Clayton’s Road To The Final Four


Clayton Andrews, Sting Sports Editor

As a teen who enjoys watching college basketball, March Madness is the greatest time of the school year. There is no better feeling than being crowded around a computer screen with your friends hoping that the team you picked wins so you can maintain your perfect bracket. March Madness is a college basketball tournament, created in 1939, consisting of 64 teams. 32 of these teams make the tournament by winning their conference tournament and the rest are decided by the NCAA tournament committee. The tournament has 4 regions, North, South, East, and West. The teams are divided up into these regions and seeded based on their record and other statistics.

Every year, millions of people fill out a bracket from all over the world hoping that it will be perfect. Up to this point, nobody has come close to a perfect bracket, and nobody ever will. It is said that the odds of creating a perfect bracket is 1 in 9.2 quintillion. There are an estimated 7.5 quintillion grains of sand on Earth. If I picked one at random and had you guess which of the 7.5 quintillion grains of sand on the planet it was, your odds of being correct would be 23% better than your odds of picking a perfect bracket. Upsets are a big reason that making a perfect bracket is so tough.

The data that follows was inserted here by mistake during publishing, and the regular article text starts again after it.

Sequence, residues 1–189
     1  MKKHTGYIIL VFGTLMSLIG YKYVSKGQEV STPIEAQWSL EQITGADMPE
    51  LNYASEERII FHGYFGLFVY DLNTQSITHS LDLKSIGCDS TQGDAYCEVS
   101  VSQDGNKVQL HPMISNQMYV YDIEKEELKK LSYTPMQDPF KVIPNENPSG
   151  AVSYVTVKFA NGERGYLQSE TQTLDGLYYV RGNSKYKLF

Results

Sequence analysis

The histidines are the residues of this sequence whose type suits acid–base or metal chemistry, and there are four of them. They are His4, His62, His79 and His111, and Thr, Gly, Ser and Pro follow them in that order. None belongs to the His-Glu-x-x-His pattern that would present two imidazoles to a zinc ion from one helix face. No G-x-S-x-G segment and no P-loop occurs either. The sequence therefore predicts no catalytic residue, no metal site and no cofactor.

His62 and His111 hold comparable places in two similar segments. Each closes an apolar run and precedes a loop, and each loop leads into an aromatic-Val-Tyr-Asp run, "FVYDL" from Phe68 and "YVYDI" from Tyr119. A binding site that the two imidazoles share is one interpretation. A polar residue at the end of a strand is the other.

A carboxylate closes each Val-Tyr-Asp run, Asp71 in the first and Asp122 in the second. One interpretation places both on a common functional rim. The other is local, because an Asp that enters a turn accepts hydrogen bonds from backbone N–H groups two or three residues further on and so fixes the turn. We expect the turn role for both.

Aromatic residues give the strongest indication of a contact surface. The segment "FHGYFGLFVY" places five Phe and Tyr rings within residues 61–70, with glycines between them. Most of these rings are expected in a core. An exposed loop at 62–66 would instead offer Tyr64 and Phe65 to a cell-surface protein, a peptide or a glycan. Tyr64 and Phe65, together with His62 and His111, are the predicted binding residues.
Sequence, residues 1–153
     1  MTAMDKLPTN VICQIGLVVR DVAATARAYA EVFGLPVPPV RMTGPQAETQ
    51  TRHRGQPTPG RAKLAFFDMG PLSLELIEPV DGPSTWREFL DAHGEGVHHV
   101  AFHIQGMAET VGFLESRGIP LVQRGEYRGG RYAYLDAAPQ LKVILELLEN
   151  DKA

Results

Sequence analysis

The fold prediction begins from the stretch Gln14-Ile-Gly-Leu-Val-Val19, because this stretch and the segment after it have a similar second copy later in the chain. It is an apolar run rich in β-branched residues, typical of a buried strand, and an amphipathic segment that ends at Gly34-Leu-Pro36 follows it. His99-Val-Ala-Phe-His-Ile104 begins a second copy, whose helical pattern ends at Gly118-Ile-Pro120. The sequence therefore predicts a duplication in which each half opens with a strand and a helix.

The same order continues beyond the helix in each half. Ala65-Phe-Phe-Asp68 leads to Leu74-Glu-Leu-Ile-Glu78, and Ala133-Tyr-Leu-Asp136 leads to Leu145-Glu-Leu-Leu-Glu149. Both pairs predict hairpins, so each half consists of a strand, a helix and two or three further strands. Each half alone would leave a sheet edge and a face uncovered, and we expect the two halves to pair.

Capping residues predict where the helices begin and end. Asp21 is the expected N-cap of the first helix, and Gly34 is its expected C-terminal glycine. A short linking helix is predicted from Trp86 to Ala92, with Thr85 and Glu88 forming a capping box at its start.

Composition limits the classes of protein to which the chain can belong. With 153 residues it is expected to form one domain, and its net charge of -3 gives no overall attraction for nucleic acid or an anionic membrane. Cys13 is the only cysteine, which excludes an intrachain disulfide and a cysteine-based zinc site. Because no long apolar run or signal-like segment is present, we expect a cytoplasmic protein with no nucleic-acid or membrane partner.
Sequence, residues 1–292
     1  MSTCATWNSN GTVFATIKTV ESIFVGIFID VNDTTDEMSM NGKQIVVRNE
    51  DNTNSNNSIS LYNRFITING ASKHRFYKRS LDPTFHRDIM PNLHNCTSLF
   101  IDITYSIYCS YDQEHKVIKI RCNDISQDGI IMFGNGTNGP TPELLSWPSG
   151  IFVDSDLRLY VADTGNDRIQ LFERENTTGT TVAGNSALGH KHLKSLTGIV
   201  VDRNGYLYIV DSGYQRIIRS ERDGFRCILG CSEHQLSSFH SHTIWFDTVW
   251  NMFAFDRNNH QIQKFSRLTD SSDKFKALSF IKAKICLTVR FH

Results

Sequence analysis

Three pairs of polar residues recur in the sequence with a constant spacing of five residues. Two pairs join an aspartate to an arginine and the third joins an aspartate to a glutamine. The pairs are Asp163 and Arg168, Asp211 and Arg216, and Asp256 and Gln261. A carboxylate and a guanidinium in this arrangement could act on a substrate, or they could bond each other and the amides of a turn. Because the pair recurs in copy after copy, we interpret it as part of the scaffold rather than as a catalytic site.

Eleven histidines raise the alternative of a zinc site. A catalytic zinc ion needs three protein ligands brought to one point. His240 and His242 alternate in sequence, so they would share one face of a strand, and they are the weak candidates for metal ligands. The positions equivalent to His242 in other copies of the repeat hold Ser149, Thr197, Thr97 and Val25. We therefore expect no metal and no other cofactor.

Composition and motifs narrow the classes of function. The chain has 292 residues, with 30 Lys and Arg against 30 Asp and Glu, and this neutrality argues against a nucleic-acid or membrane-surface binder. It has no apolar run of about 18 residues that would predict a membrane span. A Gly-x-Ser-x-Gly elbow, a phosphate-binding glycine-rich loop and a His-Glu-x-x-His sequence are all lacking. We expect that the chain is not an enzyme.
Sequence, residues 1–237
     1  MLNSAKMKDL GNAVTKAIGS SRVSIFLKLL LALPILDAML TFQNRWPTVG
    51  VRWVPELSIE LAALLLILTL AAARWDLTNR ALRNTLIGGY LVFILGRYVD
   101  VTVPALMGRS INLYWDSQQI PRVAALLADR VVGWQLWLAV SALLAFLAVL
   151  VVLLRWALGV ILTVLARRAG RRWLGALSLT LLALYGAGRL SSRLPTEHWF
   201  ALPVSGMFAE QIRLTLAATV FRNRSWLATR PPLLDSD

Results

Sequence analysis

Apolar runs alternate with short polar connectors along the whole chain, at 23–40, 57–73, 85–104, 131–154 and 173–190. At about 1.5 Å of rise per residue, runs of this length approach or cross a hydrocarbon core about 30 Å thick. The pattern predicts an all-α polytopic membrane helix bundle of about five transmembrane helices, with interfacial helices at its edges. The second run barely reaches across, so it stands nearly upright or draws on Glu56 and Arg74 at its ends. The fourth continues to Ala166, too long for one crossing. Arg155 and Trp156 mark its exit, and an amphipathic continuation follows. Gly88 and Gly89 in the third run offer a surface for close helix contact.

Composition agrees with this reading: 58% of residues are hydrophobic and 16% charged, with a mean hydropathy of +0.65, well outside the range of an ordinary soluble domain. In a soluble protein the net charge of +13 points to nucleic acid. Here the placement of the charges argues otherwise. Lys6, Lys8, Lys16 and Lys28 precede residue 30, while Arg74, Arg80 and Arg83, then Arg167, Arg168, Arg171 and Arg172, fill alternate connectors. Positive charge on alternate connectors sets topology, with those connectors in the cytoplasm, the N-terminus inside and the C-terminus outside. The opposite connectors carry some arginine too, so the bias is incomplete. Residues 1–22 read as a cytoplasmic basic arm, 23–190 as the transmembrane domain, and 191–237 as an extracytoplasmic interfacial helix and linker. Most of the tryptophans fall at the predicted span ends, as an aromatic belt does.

The 2023 tournament just kicked off Yesterday and only 700 of 20,000,000 brackets remain perfect. In the 16 games yesterday, there were 4 upsets. No. 9 Auburn upset No. 8 Iowa, No. 10 Penn. State upset No. 7 Texas A&M, No. 13 Furman upset No. 4 Virginia, and the most unpredictable one of all, No. 15 Princeton upset No. 2 Arizona, a team who many had favored to win the tournament. In my first bracket I went 13 for 16 on the first day while my second was 10 for 16. I predicted Texas to win in my first bracket but I unfortunately had Arizona making the championship which is no longer possible. I predicted UCLA to win my second bracket and my final four is still in tact with my prediciton of Alabama, Duke, Xavier, and UCLA.